Short of the story of Christ’s birth, few Christmas tales are as iconic as Charles Dickens’ A Christmas Carol. Since its first publication over 170 years ago in 1843, it has been adapted from text into numerous stage productions and film portrayals. The classic story of the miserly Ebenezer Scrooge and his redemption tale is etched into our memories as one of the greatest holiday stories of all time.

In the preface to his famous novella, author Charles Dickens explains the reason why this story sticks with us: “I have endeavoured in this Ghostly little book, to raise the Ghost of an Idea, which shall not put my readers out of humour with themselves, with each other, with the season, or with me. May it haunt their houses pleasantly, and no one wish to lay it.” It is this very story of redemption which haunts all of us (pleasantly) just as the ghosts that haunt Scrooge himself.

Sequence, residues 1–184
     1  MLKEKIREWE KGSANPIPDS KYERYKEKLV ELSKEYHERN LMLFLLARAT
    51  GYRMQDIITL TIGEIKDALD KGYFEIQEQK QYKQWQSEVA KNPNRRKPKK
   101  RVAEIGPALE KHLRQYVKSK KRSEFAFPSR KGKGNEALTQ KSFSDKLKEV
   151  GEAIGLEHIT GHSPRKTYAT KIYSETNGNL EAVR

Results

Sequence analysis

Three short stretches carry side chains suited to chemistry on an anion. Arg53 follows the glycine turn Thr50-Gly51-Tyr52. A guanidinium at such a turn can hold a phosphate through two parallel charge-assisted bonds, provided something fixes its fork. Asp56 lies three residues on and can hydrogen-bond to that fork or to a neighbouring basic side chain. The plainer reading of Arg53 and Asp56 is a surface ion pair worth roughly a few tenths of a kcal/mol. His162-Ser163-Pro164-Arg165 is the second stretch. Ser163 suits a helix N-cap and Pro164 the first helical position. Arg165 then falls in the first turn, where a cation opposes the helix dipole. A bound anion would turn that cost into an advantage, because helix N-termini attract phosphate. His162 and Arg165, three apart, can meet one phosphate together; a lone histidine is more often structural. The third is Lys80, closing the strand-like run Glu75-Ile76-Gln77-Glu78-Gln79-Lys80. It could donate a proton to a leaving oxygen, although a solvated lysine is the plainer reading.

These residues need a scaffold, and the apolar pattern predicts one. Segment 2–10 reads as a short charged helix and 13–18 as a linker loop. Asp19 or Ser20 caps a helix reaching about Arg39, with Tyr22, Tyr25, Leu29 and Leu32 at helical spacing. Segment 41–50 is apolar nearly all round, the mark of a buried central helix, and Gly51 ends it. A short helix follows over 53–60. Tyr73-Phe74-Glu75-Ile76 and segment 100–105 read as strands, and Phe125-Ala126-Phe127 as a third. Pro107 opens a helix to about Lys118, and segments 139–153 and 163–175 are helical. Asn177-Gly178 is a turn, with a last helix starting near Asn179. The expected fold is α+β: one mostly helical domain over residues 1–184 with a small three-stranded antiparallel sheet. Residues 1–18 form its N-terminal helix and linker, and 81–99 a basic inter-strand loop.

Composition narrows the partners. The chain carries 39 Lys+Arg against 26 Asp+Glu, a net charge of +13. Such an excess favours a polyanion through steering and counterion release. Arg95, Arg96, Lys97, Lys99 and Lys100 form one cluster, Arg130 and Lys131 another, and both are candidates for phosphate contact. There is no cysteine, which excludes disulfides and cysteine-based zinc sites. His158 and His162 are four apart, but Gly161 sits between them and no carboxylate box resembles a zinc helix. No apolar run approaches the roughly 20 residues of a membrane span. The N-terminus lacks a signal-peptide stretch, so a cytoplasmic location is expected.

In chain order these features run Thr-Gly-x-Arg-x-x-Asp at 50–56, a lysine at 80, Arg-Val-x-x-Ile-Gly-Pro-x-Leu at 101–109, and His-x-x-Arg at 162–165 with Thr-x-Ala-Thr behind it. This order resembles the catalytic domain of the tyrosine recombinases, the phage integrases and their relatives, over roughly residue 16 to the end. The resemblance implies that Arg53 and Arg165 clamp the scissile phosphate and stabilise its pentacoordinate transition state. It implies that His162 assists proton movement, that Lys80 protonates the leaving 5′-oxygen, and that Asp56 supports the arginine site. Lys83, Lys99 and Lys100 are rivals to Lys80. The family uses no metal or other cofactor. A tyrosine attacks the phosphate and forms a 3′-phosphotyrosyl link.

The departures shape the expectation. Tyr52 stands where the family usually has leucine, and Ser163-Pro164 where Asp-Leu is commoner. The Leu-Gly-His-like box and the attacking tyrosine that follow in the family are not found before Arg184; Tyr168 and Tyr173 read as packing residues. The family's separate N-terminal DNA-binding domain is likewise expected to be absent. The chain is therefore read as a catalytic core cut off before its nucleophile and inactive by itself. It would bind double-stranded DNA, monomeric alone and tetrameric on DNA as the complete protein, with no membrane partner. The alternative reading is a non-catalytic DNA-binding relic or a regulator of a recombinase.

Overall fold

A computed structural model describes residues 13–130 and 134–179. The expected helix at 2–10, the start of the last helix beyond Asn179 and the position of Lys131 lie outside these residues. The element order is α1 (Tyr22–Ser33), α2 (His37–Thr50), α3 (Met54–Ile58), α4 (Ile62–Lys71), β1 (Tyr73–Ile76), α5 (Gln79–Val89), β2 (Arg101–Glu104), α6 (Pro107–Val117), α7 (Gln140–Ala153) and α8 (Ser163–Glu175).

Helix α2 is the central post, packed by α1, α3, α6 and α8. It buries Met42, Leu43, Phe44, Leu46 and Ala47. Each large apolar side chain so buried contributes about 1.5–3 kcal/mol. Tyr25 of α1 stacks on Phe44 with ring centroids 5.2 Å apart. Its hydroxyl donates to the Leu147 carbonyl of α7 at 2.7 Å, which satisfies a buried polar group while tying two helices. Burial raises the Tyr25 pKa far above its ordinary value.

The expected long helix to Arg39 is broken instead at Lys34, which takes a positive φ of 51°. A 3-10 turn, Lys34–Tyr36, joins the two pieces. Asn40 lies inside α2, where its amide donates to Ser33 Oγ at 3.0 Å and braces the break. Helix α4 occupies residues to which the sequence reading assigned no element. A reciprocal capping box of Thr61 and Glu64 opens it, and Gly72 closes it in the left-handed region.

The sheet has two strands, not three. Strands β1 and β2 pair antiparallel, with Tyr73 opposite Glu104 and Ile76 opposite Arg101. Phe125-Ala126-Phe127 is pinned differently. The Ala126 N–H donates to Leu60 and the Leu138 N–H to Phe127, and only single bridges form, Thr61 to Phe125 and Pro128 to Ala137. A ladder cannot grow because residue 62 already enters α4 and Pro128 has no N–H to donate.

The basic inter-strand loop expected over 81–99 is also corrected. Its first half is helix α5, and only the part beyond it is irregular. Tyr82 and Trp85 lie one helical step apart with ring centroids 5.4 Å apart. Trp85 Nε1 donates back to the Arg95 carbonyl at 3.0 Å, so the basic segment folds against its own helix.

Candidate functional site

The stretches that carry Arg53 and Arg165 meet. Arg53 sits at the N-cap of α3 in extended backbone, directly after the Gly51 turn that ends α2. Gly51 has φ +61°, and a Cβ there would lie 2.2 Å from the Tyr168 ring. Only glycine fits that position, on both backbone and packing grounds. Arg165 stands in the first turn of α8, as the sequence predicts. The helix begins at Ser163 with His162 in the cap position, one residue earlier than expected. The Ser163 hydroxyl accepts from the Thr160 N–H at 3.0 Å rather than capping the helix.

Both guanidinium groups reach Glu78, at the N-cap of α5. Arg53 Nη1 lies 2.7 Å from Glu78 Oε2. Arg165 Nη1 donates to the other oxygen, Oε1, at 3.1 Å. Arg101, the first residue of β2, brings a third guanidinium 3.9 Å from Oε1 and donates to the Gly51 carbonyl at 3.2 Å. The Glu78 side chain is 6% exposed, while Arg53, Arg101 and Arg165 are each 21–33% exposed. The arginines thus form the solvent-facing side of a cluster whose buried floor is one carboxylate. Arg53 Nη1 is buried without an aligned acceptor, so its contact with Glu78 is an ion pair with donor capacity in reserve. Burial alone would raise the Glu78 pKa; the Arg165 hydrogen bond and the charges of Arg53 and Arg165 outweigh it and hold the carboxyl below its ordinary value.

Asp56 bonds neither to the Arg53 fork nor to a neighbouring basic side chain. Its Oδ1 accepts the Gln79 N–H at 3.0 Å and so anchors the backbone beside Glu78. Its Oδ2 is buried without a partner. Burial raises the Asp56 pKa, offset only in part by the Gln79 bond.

Little known to many, Dickens named his story A Christmas Carol, because of the song-like quality he hoped that readers would sense. The title of the book has the word “carol” in it, which in Victorian era England, exclusively referred to songs praising the birth of Jesus. Additionally Dickens calls the chapters of the book “staves,” (a.k.a. “stanzas”) which sing of Christian themes, with Charles Dickens himself having stated, “I have always striven in my writings to express the veneration for the life and lessons of our Saviour.”

We are excited to invite you to join us for Doris Baizley’s modern twist on A Christmas Carol this week, December 12th, 13th & 14th at 7:00pm. Tickets are on sale online and after services by our main entrance for just $10 for adults, and $5 for children under 13 and seniors 65+. You can also purchase tickets online at

Merry Christmas!